Mineshaft death: What delayed Alison's Hume's rescue?
For more than six hours, Alison Hume lay injured in the darkness about 40ft down a disused mineshaft.
Up above, firefighters argued about how to save her.
The 44-year-old had fallen into the hole near her house in Galston, Ayrshire, while taking a shortcut home in July 2008.
She was found by her daughter, who raised the alarm - but when fire crews arrived they could not rescue her because of the way regulations on Safe Working at Height (SWAH) had been interpreted.
When the solicitor was eventually brought to the surface by mountain rescue experts, she suffered a fatal heart attack.
The fatal accident inquiry into her death heard that one man, Alexander Dunn, had been lowered into the mineshaft with oxygen and first aid equipment.
However, commanders ruled that the line which had taken him down could not be used to bring Mrs Hume to safety.
They insisted Strathclyde Police Mountain Rescue Team should be called, even though they did not know how long it would take them to arrive.
So, for four hours Mr Dunn was unable to do anything more than comfort her - even though, as he told the inquiry, she apparently had a swollen stomach and signs of a head injury.
The SWAH equipment used to lower him down is carried in four bags on fire appliances and is designed to prevent firefighters from falling from height, such as an unprotected ledge.
It was introduced in March 2008, four months before the tragedy. Senior officers at the scene said the regulations governing its use stipulated that it could not be used for non-fire and rescue service personnel.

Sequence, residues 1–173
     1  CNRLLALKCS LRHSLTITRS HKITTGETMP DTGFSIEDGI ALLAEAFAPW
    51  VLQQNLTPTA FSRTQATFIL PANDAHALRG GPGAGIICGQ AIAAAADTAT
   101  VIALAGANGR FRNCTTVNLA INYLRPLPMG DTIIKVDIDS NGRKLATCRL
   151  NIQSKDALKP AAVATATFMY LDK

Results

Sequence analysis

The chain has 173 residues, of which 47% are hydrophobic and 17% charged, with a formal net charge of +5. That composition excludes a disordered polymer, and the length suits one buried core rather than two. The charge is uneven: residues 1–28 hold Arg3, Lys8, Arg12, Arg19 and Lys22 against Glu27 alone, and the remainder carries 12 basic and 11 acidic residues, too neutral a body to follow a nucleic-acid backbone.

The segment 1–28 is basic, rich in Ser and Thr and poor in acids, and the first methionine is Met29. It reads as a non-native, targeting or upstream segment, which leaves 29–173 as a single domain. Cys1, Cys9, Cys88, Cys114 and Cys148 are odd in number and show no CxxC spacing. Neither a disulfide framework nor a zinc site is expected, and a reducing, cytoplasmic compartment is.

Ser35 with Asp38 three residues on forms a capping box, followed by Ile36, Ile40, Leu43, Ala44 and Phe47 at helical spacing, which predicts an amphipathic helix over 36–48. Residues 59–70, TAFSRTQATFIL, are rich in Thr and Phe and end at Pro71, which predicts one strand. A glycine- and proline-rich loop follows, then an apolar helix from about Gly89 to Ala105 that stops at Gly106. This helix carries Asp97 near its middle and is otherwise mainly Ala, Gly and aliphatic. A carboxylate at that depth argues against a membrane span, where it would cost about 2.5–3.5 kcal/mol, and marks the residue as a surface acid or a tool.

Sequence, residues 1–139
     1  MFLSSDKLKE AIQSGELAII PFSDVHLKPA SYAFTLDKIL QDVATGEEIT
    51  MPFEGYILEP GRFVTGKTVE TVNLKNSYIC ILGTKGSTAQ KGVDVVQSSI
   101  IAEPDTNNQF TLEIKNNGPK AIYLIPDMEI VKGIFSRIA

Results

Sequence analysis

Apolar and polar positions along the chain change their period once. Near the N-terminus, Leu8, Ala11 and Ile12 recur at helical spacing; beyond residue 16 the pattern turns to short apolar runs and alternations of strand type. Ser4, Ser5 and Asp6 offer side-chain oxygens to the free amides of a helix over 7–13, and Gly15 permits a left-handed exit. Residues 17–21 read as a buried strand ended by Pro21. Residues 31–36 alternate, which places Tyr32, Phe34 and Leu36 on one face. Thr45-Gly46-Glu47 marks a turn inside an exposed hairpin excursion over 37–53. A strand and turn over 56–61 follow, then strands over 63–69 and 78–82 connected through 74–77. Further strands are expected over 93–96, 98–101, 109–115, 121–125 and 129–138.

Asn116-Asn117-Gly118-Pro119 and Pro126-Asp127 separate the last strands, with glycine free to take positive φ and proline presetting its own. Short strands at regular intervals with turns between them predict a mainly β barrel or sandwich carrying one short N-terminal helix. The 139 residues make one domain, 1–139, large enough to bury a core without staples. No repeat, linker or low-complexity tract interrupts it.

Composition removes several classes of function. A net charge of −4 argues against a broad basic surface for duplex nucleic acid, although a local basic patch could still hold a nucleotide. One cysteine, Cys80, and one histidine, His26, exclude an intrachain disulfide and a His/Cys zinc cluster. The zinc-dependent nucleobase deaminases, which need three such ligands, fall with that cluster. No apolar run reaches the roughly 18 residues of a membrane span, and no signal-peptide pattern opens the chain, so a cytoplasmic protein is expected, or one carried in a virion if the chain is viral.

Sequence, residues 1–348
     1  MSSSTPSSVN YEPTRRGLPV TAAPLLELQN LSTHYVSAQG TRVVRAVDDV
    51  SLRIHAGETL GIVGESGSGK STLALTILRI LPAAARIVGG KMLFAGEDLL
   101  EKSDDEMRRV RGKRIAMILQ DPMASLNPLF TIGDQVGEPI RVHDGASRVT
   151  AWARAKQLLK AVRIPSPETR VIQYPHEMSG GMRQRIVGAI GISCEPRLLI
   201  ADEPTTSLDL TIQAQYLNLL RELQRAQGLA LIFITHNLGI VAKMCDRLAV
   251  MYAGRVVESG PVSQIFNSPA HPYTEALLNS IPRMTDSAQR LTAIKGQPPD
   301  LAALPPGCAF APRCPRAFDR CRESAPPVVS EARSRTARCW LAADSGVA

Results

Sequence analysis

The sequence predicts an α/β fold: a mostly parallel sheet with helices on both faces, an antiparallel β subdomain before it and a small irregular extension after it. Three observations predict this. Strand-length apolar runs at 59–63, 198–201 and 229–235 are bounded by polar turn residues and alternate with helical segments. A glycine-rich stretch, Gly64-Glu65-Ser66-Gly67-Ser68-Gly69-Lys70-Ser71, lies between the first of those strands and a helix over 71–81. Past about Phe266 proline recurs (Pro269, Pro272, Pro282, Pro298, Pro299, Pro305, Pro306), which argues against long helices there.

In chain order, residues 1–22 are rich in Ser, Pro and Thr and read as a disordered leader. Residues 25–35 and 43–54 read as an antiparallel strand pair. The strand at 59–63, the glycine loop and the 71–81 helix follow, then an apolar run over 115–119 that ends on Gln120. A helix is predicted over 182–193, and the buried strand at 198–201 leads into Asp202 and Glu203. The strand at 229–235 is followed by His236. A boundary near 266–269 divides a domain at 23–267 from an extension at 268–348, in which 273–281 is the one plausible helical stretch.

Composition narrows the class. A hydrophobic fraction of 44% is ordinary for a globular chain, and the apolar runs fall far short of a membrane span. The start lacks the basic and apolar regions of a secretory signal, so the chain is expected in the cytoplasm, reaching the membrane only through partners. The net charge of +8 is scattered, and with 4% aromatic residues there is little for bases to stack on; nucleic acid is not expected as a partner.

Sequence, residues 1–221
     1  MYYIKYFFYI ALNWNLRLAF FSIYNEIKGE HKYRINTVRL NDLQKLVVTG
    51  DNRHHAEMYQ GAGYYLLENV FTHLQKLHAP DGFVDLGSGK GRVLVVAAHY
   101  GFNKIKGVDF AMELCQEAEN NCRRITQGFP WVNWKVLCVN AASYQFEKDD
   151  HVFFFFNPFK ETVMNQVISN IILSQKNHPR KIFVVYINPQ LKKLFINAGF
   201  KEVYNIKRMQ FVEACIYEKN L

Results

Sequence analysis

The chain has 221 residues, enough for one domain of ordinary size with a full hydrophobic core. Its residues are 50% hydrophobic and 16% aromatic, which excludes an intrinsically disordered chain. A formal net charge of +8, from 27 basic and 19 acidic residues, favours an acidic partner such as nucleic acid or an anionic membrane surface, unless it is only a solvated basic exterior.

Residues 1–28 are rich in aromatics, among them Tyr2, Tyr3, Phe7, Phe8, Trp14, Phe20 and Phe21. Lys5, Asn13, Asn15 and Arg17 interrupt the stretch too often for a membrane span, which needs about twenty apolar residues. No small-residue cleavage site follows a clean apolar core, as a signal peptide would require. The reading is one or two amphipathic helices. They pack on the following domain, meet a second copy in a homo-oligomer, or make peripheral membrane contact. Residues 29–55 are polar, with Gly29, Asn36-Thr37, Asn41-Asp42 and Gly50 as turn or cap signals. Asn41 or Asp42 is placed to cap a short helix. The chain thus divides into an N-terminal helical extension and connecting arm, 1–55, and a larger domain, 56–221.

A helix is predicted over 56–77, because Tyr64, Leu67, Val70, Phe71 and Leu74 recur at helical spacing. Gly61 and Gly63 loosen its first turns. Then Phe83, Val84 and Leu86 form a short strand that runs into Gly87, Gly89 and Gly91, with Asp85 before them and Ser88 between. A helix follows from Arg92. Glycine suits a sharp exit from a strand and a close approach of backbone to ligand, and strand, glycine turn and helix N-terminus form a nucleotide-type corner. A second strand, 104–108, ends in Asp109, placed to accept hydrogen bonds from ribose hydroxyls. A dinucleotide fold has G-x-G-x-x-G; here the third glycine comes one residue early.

A paramedic who had been called to the mine shaft was not allowed to be lowered down to help Mrs Hume.
But the man who drew up the regulations, John Bowman, said the equipment was perfectly safe to be used on a member of the public.
"It wouldn't be used for members of the fire service if it was unsafe," he said.
"It was designed to comply with working at height regulations, which it did.
"It was in use and was used to recover the member of the fire service; it was a technicality which stopped them using it for members of the public."
Mr Bowman, who has now retired, said there was no mention of health and safety in the document he had written.
A memorandum written by Strathclyde Fire and Rescue's director of operations, John Walker, four months before Mrs Hume's death had sought to clarify the situation.
The memorandum, seen by BBC Scotland, states: "This guidance does not preclude the use of SWAH equipment to secure any casualty to prevent their further injury or prevent the deterioration of the existing circumstances."
Instead of using the equipment they had, firefighters were forced to seek help from the Strathclyde Police mountain rescue team, who eventually brought Mrs Hume to the surface.
But the inquiry also heard that another team of specialists could have been contacted. The Scottish Cave Rescue Organisation (SCRO) claimed it could have been on site within 90 minutes.
Alan Jeffreys, the founder and team leader, said: "Being a civilian team we are not subject to the strict letter of the law with health and safety regulations, as indeed Strathclyde police are.
"But in a situation where there is human life involved I think some large injection of common sense is called for. I would employ the Latin expression, seize the moment and deal with the matter - and sort out the breaking of rules and regulations later."
He admitted he could not say that the SCRO could have saved Alison Hume's life, but added: "I feel we would have made a much stronger and more vigorous response to the incident."
The MSP for Kilmarnock and Irvine Valley, Willie Coffey, welcomed the publication of the sheriff's report.
He said: "We can't have a situation where officers are in fear of reprisals from their own organisation disciplinary measures for example.
"The first priority has to be to save lives and I think we lost sight of that on this occasion."